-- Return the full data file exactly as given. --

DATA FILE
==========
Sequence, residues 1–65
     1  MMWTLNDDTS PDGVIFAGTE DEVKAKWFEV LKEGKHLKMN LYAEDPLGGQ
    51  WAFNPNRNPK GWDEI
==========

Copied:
Sequence, residues 1–65
     1  MMWTLNDDTS PDGVIFAGTE DEVKAKWFEV LKEGKHLKMN LYAEDPLGGQ
    51  WAFNPNRNPK GWDEI